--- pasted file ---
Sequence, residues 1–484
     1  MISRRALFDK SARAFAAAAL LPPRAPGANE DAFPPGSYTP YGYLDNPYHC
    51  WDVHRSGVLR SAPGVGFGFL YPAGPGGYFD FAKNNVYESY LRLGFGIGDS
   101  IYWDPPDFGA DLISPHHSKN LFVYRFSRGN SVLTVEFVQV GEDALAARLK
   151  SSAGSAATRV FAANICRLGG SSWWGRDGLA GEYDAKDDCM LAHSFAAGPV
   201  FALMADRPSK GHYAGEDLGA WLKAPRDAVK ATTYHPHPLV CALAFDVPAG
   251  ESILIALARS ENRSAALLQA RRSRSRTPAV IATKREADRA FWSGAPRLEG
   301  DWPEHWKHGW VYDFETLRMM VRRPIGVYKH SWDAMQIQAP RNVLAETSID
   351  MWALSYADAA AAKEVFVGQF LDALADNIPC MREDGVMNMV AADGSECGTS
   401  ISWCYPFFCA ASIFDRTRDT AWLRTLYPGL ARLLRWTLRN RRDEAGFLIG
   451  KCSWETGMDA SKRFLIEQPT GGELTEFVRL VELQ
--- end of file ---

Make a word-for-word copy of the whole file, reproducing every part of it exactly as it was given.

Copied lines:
Sequence, residues 1–484
     1  MISRRALFDK SARAFAAAAL LPPRAPGANE DAFPPGSYTP YGYLDNPYHC
    51  WDVHRSGVLR SAPGVGFGFL YPAGPGGYFD FAKNNVYESY LRLGFGIGDS
   101  IYWDPPDFGA DLISPHHSKN LFVYRFSRGN SVLTVEFVQV GEDALAARLK
   151  SSAGSAATRV FAANICRLGG SSWWGRDGLA GEYDAKDDCM LAHSFAAGPV
   201  FALMADRPSK GHYAGEDLGA WLKAPRDAVK ATTYHPHPLV CALAFDVPAG
   251  ESILIALARS ENRSAALLQA RRSRSRTPAV IATKREADRA FWSGAPRLEG
   301  DWPEHWKHGW VYDFETLRMM VRRPIGVYKH SWDAMQIQAP RNVLAETSID
   351  MWALSYADAA AAKEVFVGQF LDALADNIPC MREDGVMNMV AADGSECGTS
   401  ISWCYPFFCA ASIFDRTRDT AWLRTLYPGL ARLLRWTLRN RRDEAGFLIG
   451  KCSWETGMDA SKRFLIEQPT GGELTEFVRL VELQ